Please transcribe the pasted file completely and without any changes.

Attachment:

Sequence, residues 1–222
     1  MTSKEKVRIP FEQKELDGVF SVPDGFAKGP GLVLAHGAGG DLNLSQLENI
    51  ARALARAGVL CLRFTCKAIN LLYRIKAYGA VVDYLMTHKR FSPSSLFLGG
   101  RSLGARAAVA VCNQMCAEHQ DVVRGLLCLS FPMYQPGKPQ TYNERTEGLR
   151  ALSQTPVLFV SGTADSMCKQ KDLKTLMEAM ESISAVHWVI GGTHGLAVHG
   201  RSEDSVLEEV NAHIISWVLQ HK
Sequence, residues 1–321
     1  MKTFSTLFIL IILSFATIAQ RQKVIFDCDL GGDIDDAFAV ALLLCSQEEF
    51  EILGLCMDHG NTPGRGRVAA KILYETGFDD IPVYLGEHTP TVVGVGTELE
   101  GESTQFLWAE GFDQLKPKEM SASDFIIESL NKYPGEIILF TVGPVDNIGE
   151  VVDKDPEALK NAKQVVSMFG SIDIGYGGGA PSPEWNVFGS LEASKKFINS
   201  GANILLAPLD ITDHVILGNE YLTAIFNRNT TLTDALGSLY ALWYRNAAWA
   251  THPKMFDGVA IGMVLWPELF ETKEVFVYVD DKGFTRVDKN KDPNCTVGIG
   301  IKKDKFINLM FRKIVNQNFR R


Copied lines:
Sequence, residues 1–222
     1  MTSKEKVRIP FEQKELDGVF SVPDGFAKGP GLVLAHGAGG DLNLSQLENI
    51  ARALARAGVL CLRFTCKAIN LLYRIKAYGA VVDYLMTHKR FSPSSLFLGG
   101  RSLGARAAVA VCNQMCAEHQ DVVRGLLCLS FPMYQPGKPQ TYNERTEGLR
   151  ALSQTPVLFV SGTADSMCKQ KDLKTLMEAM ESISAVHWVI GGTHGLAVHG
   201  RSEDSVLEEV NAHIISWVLQ HK
Sequence, residues 1–321
     1  MKTFSTLFIL IILSFATIAQ RQKVIFDCDL GGDIDDAFAV ALLLCSQEEF
    51  EILGLCMDHG NTPGRGRVAA KILYETGFDD IPVYLGEHTP TVVGVGTELE
   101  GESTQFLWAE GFDQLKPKEM SASDFIIESL NKYPGEIILF TVGPVDNIGE
   151  VVDKDPEALK NAKQVVSMFG SIDIGYGGGA PSPEWNVFGS LEASKKFINS
   201  GANILLAPLD ITDHVILGNE YLTAIFNRNT TLTDALGSLY ALWYRNAAWA
   251  THPKMFDGVA IGMVLWPELF ETKEVFVYVD DKGFTRVDKN KDPNCTVGIG
   301  IKKDKFINLM FRKIVNQNFR R